Exposure follows the "square law" vs distance. (i.e. Divide the new distance from lens to paper by the old distance, then square the result, then multiply the old exposure time by that to get the new time.) If you double the distance between the lens and the paper, you must quadruple the exposure. You will have to make a test exposure at the new time and distance, since papers suffer noticeably from reciprocity failure.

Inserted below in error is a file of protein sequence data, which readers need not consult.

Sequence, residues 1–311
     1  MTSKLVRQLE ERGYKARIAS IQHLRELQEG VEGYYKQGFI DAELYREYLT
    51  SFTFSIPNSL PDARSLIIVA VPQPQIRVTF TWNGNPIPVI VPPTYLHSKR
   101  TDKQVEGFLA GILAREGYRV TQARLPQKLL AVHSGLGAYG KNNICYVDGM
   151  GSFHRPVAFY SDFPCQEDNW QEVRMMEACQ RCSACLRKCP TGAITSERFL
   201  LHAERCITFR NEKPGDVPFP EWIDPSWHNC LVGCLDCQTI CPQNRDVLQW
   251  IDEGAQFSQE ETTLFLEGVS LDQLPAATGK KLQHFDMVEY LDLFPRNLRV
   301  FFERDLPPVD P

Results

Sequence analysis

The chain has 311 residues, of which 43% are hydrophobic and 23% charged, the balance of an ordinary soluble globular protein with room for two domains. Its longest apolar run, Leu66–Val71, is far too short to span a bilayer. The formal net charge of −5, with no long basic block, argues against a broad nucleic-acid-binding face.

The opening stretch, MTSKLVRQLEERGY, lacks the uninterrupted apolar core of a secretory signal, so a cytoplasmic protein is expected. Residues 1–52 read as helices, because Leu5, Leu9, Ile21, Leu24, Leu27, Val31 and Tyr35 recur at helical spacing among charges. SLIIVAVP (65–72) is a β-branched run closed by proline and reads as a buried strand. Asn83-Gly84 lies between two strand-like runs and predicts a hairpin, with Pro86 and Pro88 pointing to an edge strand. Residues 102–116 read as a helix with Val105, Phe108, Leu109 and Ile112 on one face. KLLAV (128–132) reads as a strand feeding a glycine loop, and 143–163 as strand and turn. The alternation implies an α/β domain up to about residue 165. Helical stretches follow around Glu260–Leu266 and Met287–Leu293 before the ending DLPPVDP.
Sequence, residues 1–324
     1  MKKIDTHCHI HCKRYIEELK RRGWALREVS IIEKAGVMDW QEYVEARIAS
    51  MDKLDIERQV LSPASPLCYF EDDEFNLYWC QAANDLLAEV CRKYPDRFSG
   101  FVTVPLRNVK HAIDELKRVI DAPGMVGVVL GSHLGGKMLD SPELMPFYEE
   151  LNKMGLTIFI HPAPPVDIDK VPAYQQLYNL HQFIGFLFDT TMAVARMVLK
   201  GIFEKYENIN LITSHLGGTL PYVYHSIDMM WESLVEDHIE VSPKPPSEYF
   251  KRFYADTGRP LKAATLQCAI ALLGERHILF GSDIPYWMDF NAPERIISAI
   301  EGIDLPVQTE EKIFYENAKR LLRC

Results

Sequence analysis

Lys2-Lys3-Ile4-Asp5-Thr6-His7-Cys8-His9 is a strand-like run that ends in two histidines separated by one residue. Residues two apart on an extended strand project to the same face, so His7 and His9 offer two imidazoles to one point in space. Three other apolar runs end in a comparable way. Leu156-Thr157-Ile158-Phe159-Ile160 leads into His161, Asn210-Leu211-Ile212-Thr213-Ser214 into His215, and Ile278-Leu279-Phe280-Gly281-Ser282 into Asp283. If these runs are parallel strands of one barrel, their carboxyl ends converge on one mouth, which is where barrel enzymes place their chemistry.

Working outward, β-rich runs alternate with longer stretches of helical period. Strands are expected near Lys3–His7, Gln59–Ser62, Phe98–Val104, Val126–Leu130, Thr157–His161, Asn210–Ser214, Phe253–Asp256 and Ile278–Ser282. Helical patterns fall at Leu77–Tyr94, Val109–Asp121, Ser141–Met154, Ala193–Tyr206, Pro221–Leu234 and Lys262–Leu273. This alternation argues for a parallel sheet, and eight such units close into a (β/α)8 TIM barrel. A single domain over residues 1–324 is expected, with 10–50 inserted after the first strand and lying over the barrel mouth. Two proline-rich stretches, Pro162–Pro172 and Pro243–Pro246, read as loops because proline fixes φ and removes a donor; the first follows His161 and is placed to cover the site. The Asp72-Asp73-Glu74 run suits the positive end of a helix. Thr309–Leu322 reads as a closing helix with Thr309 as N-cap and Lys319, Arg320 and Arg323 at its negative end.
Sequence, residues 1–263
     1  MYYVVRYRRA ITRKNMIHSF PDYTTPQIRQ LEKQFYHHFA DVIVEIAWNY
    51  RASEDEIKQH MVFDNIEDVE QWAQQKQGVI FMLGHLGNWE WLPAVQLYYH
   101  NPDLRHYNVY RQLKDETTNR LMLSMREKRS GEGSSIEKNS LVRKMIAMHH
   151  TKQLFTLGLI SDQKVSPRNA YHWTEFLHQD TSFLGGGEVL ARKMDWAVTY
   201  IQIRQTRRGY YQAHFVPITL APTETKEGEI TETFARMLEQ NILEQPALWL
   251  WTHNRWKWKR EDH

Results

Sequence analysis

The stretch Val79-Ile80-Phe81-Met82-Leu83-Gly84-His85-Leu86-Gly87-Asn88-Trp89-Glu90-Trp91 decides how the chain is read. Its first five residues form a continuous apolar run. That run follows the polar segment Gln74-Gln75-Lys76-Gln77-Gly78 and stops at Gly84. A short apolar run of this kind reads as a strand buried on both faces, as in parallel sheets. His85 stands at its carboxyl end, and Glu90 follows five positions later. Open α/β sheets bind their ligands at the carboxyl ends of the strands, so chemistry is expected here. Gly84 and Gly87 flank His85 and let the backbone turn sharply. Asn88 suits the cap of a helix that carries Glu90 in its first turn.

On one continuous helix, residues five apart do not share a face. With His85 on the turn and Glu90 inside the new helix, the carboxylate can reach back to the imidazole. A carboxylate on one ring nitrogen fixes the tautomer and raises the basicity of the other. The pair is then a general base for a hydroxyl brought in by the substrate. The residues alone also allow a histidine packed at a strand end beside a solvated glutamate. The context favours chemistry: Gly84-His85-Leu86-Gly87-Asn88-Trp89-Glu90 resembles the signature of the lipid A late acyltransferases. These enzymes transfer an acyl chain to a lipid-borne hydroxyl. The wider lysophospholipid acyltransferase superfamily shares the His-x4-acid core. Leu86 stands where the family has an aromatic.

The easy way to handle this, as noted above, is to use a meter. Take a reading in a key area (preferably about zone VI in the print), then change the enlargement size, read the same area again, and adjust the aperture until you get the same light level as before.